Yes, serious unreported sexual assaults do go on in prisons every day.

Anyway, a few years ago there were programs known as ‘scare –straight’ and ‘Project Option’ that were introduced by the state of New Jersey, to help troublesome teenagers who needed directions in life. Once a week teenagers were bused across the state, near and afar and were taken into prison facilities, to sensitize them with the prisons’ living conditions and the effects of incarceration on the prisoners (inmates). This was intended to put some fears into the young people, and it surely did .

Sometimes, some of the participants broke down and cried. Several of them were so traumatized that they couldn’t hold on to their ‘nature’s calls’. They peed, farted and ‘defecated’ on themselves.

According to the social and prison experts, those were indeed very successful programs because they were able to prevent many troubled kids from going astray as they grow.

If that could be done in the States ,to control crime recidivism rate among teenagers I wonder why we can’t institute such a nice program in Ghana for our public officials, bank managers and people who have difficulties keeping their hands off from the government’s money.

Now, please don’t write to me and complain about me bashing your party or your party members. I’m not attacking anyone. There are criminal elements in NPP, NDC, CPP and any other party in Ghana. So this is not a personal attack on anyone. I’m just making a suggestion and a few points here. So just go along with the program. You hear?

Prison life is dreadful thing however, I have to admit, I don’t get weepy about politicians’ tribulations and their grace- to- grass episodes because I have more important things to worry about:

I worry about how to stock the empty library (the NPP abandoned) with good books. I worry about how to provide after-school programs for the children(the NDC will ignore again) in my district so as to keep them from going astray .I worry about providing playgrounds for the kids in my town and locality. I worry about providing the resources for the final year JHS students in my locality to prepare them for their Basic Education Certificate Examination.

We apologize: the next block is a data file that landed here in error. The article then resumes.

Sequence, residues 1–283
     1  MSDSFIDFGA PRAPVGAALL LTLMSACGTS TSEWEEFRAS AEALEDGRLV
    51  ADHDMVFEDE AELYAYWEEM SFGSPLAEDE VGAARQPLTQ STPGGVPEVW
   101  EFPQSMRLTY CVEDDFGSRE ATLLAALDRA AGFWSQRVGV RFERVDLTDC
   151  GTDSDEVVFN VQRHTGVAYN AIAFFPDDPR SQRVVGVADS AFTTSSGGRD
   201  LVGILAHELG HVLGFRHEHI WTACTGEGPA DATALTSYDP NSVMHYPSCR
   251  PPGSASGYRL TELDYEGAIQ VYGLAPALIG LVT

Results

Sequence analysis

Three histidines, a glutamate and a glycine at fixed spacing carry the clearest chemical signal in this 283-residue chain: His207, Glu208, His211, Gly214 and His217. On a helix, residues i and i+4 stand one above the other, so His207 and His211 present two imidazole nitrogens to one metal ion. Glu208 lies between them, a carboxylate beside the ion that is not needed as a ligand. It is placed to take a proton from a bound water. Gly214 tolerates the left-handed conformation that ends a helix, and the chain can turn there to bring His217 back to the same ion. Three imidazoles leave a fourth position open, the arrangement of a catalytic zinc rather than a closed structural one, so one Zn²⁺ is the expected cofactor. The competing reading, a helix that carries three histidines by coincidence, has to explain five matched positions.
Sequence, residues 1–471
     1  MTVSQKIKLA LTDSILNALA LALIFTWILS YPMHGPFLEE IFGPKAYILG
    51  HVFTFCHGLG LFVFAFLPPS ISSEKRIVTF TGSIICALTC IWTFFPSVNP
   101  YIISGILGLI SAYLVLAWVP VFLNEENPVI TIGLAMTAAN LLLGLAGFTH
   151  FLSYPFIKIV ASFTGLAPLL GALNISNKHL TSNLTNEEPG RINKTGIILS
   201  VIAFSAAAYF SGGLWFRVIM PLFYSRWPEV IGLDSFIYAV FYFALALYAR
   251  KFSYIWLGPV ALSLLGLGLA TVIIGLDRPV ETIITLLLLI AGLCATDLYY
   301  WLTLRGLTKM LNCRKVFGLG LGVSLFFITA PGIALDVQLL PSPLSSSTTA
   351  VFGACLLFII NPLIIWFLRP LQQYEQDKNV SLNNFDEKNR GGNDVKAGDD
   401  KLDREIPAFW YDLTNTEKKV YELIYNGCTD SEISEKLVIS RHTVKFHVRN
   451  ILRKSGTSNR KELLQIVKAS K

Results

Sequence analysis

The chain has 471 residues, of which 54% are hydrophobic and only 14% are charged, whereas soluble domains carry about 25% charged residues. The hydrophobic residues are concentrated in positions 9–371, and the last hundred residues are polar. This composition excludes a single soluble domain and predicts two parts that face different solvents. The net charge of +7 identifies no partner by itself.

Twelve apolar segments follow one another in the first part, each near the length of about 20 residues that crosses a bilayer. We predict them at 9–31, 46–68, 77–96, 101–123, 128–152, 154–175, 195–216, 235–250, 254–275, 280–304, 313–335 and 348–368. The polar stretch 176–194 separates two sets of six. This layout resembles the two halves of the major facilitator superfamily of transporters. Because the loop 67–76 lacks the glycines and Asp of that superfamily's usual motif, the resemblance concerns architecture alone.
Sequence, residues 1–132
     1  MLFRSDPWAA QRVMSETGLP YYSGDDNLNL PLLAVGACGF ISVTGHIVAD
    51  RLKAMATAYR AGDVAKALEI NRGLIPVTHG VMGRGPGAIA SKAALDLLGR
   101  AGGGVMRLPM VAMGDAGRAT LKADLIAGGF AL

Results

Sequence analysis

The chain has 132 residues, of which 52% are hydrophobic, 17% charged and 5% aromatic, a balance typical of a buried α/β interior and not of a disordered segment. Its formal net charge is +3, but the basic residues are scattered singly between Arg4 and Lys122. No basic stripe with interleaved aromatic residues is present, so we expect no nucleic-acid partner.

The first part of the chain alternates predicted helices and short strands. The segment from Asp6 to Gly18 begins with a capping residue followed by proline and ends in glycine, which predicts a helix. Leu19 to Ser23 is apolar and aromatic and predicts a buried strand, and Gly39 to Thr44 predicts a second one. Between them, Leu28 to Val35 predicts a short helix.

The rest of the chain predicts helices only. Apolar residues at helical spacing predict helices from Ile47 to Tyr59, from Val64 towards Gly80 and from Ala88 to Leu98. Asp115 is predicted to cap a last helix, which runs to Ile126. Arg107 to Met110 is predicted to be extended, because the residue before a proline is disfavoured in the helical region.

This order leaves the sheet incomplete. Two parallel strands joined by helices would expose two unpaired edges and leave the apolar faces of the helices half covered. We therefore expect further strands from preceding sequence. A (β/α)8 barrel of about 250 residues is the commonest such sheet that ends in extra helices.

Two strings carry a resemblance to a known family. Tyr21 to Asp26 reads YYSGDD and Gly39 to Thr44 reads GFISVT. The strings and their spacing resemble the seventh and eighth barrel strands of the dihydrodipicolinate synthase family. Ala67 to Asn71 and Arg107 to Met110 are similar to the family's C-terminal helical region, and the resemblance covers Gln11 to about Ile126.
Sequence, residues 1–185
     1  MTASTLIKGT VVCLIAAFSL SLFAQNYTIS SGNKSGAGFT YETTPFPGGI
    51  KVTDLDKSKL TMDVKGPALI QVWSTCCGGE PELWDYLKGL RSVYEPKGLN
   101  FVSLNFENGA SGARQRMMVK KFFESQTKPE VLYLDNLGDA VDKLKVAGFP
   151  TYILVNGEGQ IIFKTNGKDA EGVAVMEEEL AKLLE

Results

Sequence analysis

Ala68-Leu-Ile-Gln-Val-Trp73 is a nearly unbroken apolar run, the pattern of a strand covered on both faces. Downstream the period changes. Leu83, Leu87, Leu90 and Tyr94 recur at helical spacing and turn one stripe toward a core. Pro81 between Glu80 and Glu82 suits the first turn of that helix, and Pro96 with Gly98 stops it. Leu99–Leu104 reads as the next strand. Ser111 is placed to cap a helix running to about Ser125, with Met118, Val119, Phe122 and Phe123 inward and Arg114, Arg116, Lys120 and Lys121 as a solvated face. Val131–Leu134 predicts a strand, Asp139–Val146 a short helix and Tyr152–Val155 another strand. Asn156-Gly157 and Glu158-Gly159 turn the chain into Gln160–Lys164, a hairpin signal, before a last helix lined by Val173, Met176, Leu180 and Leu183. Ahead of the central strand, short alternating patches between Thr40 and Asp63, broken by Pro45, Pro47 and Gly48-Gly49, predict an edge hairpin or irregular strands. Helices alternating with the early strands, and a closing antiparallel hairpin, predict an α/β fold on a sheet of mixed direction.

I worry about how Ghana can provide a school nurse in every school district to treat minor medical problems of the students, before an out-of – control medical issue develops.

I’m not interested in rubbernecking and trivializing politicians’ predicaments because there are other pressing needs to discuss that need immediate solutions.

Yes, I know most pubic officials can afford to buy their way out in prison and get a preferential treatment and other trimmings because of their status and political ‘connections’. But, supposed the political stature couldn’t get them any thing? Just because they were former public officials doesn’t necessarily mean that they are going to be let off from some of the assaults that go on in Prisons.

Supposed a public official or a bank manager who weighs just 130Ibs was sent to jail for embezzling money from the local bank. Then he ended up in the same Prison where the victims also have relatives or sons who are ‘macho’ to their bones. If the angels were not on his side he might even wind up in the same cell block with the people who hate him. They might not know who he is, but what about if an okra-bra bra-mouth person found out and the news got into the prison? I bet you won’t like to watch that if it were televised live as a ‘cage-fight’, no matter how much you love watching violent films.

That can make things very ugly for the would-be prisoner.

A lot of crazy things do go on in prison. The big always swallows the small—literally.

There is always a worse-case scenario and the possibility of the weaker one becoming someone’s “wife”.

Can you imagine hearing one of our former public officials screaming for help behind the prison’s walls,”ouch, Stop Ataayi, that really hurts”? Just tough it out!

Well, our justice system moves painfully slow both inside and outside the prison’s walls. Just get used it. But, be careful not to fall on the wrong side of the law.

Can you hear me now, Carl Wilson? ”Ouch, I told you prison is not a joke!”, “Aren’t you afraid to go to jail now?”

“Ouch, that hurts” Watch your back!

Kwaku Adu-Gyamfi (The Voice Of Reason) NJ, USA

* The author is a social commentator and the founder of the Adu-Gyamfi Youth Empowerment, Educational and Apprenticeship foundation at Asuom.